What can I do better in 2018?

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By any measure I’ve had a successful running year in 2017.  My blogging here… not so much.  Whilst I have the motivation to write and share my thoughts, it always seems like I’m wading in molasses or quicksand when trying to write a blog post.  Correspondingly, I felt the same way with my running. One of my 2017 goals was to start and do a body transformation program. I started this in November and this was also something that kept me busy from running and blogging. As 2018 rolls around, I contemplated a few goals around running and the following are my five ways or how-to’s for me to achieve my goals. These could be useful for you too.

1. Start-Stop-Continue

This is a good time to evaluate plans which should include a Run Training Plan and a Meal Plan. You will find numerous blogs, coaches and apps providing various running plans (6-week, 8-week, marathon, etc). Be brave, find a couple of good run training plans and commit to do those planned runs. It helps with motivating you to run and sometimes the days that you don’t feel like running are the days that you need it most. So get cracking and find a plan to follow. Just start a plan and stop procrastinating over when to do your running.

To support running and training, it’s also best to start a meal plan.  It doesn’t need to be complicated; the simpler the better. You want a simple, healthy diet that you can easily prepare.  Having planned for and prepared what you are eating beforehand saves you time – which you can use for running. I have a meal plan that supports my body transformation and running. I opted for a low carb, high protein and plenty of greens. I can recommend plans where you have a combination of, 1) vegetables, preferably green (including green beans, spinach, broccoli, asparagus, kale, zucchini, cauliflower); 2) proteins (chicken, turkey, white fish, prawns, sometimes lean beef steak); and, 3) some carbs (such as basmati rice, sweet potatoes, some pasta) in each meal.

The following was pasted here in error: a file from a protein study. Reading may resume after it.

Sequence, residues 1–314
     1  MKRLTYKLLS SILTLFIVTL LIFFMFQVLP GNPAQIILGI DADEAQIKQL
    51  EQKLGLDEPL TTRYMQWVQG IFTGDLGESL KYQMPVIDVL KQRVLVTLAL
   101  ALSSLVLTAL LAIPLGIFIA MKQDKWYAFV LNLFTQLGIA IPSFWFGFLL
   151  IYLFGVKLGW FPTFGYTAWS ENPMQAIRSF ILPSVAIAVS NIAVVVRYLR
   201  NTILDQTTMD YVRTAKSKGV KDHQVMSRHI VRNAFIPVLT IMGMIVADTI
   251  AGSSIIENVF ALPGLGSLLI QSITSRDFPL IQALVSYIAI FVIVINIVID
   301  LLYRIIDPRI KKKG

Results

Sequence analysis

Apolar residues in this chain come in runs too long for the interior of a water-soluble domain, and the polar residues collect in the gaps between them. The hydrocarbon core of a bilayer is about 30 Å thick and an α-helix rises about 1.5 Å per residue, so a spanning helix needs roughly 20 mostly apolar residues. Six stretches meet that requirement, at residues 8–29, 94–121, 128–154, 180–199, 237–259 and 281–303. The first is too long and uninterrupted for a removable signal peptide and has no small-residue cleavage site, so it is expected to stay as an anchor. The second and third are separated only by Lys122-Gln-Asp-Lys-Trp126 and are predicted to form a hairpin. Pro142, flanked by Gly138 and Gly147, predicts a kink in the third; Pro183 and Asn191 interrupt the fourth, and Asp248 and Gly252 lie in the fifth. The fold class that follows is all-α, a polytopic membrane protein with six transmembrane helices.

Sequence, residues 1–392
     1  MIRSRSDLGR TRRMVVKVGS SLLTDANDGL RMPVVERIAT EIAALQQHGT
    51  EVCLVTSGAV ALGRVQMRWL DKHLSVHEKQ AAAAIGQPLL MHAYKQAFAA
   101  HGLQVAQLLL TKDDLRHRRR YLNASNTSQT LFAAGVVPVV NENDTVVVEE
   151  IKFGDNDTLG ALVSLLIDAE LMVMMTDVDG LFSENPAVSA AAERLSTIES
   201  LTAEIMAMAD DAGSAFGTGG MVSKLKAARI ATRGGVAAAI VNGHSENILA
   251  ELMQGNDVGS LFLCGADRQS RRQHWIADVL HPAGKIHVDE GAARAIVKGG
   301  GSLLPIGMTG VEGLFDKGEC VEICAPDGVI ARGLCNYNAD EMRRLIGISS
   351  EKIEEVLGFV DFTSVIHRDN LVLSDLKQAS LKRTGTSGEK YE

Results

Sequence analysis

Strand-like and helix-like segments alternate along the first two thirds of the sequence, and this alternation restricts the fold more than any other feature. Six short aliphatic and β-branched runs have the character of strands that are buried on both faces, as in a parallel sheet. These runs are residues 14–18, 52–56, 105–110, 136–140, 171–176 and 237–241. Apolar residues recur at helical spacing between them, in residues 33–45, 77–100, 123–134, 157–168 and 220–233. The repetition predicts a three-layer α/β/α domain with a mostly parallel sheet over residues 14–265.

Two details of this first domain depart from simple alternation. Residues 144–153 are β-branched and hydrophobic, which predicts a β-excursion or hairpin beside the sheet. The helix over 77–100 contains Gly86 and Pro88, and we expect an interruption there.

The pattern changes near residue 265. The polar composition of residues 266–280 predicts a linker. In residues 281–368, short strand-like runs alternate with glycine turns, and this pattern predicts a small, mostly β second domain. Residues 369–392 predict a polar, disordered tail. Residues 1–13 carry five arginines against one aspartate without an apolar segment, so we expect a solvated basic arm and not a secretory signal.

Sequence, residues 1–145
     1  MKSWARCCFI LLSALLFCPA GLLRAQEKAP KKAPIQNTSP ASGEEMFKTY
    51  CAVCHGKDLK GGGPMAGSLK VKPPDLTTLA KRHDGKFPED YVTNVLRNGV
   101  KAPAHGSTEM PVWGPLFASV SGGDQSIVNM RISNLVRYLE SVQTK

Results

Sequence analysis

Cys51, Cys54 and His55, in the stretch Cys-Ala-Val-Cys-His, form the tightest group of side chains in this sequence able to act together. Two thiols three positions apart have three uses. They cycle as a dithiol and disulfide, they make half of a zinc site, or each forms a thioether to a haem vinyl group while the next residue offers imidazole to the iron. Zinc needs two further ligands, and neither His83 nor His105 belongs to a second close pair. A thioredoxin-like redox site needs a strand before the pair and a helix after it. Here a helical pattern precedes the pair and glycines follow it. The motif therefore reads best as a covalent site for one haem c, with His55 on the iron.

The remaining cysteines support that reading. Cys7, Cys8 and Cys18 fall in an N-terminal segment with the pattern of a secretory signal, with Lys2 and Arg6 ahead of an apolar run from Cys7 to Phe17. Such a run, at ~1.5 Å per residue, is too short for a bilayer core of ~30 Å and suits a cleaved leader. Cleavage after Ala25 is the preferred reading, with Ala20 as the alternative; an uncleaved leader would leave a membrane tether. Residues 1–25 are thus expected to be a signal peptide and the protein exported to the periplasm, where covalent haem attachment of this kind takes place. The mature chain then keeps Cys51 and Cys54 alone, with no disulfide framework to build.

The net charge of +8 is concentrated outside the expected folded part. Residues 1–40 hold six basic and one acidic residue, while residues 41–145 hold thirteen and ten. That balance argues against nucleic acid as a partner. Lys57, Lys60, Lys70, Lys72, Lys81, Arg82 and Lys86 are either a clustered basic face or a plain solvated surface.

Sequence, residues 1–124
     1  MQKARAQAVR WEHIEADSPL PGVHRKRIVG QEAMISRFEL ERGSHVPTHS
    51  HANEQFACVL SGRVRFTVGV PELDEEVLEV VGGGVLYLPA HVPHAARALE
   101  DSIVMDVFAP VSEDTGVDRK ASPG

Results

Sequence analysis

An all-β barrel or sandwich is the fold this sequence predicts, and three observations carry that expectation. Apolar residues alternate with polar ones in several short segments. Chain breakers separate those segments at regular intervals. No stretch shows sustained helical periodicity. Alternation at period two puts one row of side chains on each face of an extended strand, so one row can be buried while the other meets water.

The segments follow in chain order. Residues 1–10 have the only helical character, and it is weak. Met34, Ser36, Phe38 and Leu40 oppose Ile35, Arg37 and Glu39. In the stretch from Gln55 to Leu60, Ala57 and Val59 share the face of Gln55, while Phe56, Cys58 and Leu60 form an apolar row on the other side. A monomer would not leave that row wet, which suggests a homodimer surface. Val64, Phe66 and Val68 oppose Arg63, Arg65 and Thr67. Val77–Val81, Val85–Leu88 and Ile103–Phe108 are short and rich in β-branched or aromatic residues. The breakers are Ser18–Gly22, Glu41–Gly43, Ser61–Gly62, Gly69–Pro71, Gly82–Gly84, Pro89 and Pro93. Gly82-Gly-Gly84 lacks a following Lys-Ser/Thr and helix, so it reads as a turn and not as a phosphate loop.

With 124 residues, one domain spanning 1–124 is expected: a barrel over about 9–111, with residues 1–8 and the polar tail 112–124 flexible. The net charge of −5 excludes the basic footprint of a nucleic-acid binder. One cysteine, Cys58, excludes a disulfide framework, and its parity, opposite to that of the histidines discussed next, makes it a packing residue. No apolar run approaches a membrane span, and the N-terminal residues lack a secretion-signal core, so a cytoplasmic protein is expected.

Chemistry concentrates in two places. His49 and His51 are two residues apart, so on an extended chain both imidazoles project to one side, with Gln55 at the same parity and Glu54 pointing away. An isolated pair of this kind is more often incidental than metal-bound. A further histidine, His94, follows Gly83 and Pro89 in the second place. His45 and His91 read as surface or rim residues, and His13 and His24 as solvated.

In between meals, I snack on fruits such as a banana, apple, blueberries, strawberries, watermelon, including 1-2 teaspoons of natural peanut butter, almond butter or raw almonds.  I have plenty of ‘cheat’ meals and don’t feel guilty. However, you should generally stop consuming foods that are highly processed so as to avoid unnecessary preservatives, oils, fats, sugars, salt and other additives.  I choose to cook with a small amount of olive oil. I use plenty of herbs and spices in my food so I don’t have bland food and vary the type of herb and spice flavours to avoid getting bored of the same flavours. Some low fat and low calorie dressing can be used on the vegetables but sparingly.

Start drinking plenty of water – at least 2 litres a day and up to 4 litres on workout/running days. I still drink coffee and tea but opt out of sugar or replace with honey. Use a sugar-free sweetener like Stevia if you prefer.

Get plenty of rest for recovery and maintenance of your physical health. Most people will require at least 6 hours each night for sleep.  Continue doing this.  The training plan I follow provides for rest days. These are important for recovery and repair after running and workouts.